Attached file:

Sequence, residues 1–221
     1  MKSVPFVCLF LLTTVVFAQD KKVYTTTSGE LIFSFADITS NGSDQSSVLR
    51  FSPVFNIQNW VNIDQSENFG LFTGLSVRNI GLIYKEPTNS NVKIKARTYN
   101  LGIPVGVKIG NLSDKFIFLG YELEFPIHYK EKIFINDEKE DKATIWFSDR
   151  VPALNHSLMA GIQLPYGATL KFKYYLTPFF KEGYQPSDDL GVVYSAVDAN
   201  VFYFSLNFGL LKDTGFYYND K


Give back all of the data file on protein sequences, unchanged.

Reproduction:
Sequence, residues 1–221
     1  MKSVPFVCLF LLTTVVFAQD KKVYTTTSGE LIFSFADITS NGSDQSSVLR
    51  FSPVFNIQNW VNIDQSENFG LFTGLSVRNI GLIYKEPTNS NVKIKARTYN
   101  LGIPVGVKIG NLSDKFIFLG YELEFPIHYK EKIFINDEKE DKATIWFSDR
   151  VPALNHSLMA GIQLPYGATL KFKYYLTPFF KEGYQPSDDL GVVYSAVDAN
   201  VFYFSLNFGL LKDTGFYYND K